It was only to be expected that Neil Lennon would try to plot Aberdeen's downfall in Celtic's dressing-room at Hampden Park. The twist is that he did it there 24 hours before Saturday's League Cup semi-final got under way.
Scarred by his only previous experience in charge of Celtic in a semi-final -- the Scottish Cup meeting with Ross County last April, which ended in an extraordinary victory for the unrated First Division side -- Lennon determined that he would leave as little as possible to chance on this occasion.
His players knew all about their Aberdeen counterparts, having played them and won 1-0 at Parkhead the previous weekend, so the Celtic manager decided to make sure that they would not be ambushed by their surroundings.
"We have quite a few players who had never been inside Hampden Park before," said Lennon. "So on Friday after training we took the squad over so that they could see it for themselves. They went into the dressing-room, had a look at the pitch and we talked about one or two other little details. For example, the pitch seems bigger than it is because of the curves behind the goals.
"We chatted about bits and pieces like that and then we left. I thought it was a worthwhile exercise."
All that was left for Lennon to fine-tune was his players' attitude, the Achilles' heel that had left last year's side exposed to Ross County's exuberant forays. He could hardly have expected Aberdeen to be so complicit in their own destruction.
Celtic's first three corner-kicks produced three goals. Aberdeen were further adrift inside 20 minutes than even Andy Murray midway through the second set in Melbourne yesterday, although, in another spectacular example of self-harm, Derek Young's crazy handball gifted the penalty kick from which Anthony Stokes netted the fourth, to complete a sequence which the Irishman confessed had taken him wholly by surprise, for all Lennon's attention to detail.
"We knew they were going to have a go at us so we thought, let's get at them early. We didn't think we were going to score four goals in the first half, mind you," said the Dubliner.
Kris Commons could not have desired a more accomplished debut and was named man of the match after inaugurating the rout with a speculative effort, which found the net after Mark Wilson's corner-kick was not cleared properly. Commons' initial thought was probably to cross, but the flight of the ball confounded Jamie Langfield in the Aberdeen goal and Stokes was prepared to be generous about its provenance.
"His goal was unbelievable so it was a great debut for him. I think he definitely meant it. I don't think there was much else on in the box, so I'll give him that," said the forward.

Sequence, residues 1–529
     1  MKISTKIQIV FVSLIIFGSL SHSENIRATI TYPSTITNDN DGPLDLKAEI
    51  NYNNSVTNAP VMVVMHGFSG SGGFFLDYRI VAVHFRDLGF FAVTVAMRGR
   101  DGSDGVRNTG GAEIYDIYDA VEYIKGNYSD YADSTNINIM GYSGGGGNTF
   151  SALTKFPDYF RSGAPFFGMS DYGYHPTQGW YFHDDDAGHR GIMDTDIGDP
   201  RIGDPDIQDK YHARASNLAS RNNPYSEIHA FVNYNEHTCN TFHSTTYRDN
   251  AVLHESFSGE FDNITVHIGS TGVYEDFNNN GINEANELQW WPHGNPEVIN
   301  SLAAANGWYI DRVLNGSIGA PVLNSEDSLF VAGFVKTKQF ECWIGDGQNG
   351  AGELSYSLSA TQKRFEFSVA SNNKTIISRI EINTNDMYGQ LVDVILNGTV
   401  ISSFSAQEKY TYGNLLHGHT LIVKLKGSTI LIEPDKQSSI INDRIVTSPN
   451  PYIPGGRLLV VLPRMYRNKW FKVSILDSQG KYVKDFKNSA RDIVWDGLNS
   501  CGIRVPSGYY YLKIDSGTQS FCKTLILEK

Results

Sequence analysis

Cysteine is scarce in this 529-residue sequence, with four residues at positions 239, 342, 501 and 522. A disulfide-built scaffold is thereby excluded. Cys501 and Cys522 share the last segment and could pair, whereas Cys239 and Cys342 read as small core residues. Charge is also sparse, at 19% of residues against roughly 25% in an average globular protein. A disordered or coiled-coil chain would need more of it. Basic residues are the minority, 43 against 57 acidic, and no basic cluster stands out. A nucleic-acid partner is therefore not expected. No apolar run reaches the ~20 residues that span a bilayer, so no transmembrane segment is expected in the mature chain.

In fact, the gifts were almost wholly supplied by Aberdeen, who neglected the most basic principles of defending to the extent that Charlie Mulgrew and Thomas Rogne had only to apply their skulls to subsequent corner-kicks to put the game out of sight of Aberdeen, long before Young's unfathomable decision to throw an arm up at a Stokes free-kick put his side four goals down.
"You cannot afford to start any game in the manner we did," the Pittodrie midfielder lamented. "It was a piece of nonsense. We were three down in 20 minutes and then I gave away a stupid penalty. Why it happened, I'll never know. It was just an instinctive thing. I really don't know what happened or why.
"We are all absolutely gutted. Personally, I am devastated. We prepared really well for the game, but when you concede like we did you deserve to lose."
While Aberdeen spent the rest of the weekend tending to their wounds, Celtic are entitled to consider that a campaign on three fronts -- the championship plus the two domestic knockout trophies -- is gaining impressive momentum at the ideal moment.
"I think it's all coming together," said Stokes. "It's at a good time in the season because the schedule is getting very hectic with a lot of big games, so it's a good time to come good and I just hope we can keep it up and keep the momentum going and win games.
"The gaffer's been brilliant since he came in and I think all of us as players want to do it for him. The main thing about it is confidence. We're winning games and this cup final is something to look forward to -- it's silverware and at the end of the day we want to win every trophy we possibly can."
The chances of that happening can only be increased if Lennon's managerial learning process allows him to get the drop on other opponents as surely as he did with Aberdeen.